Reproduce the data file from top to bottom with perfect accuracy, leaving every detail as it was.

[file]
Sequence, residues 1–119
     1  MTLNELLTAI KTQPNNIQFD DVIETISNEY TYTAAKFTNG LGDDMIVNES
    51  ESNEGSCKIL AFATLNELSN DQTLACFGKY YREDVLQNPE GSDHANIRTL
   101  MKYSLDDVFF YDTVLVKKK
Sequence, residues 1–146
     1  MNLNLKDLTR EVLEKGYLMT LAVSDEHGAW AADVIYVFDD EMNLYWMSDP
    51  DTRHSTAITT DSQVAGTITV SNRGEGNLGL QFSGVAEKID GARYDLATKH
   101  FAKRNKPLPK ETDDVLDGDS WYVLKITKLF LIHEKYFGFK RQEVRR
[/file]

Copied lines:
Sequence, residues 1–119
     1  MTLNELLTAI KTQPNNIQFD DVIETISNEY TYTAAKFTNG LGDDMIVNES
    51  ESNEGSCKIL AFATLNELSN DQTLACFGKY YREDVLQNPE GSDHANIRTL
   101  MKYSLDDVFF YDTVLVKKK
Sequence, residues 1–146
     1  MNLNLKDLTR EVLEKGYLMT LAVSDEHGAW AADVIYVFDD EMNLYWMSDP
    51  DTRHSTAITT DSQVAGTITV SNRGEGNLGL QFSGVAEKID GARYDLATKH
   101  FAKRNKPLPK ETDDVLDGDS WYVLKITKLF LIHEKYFGFK RQEVRR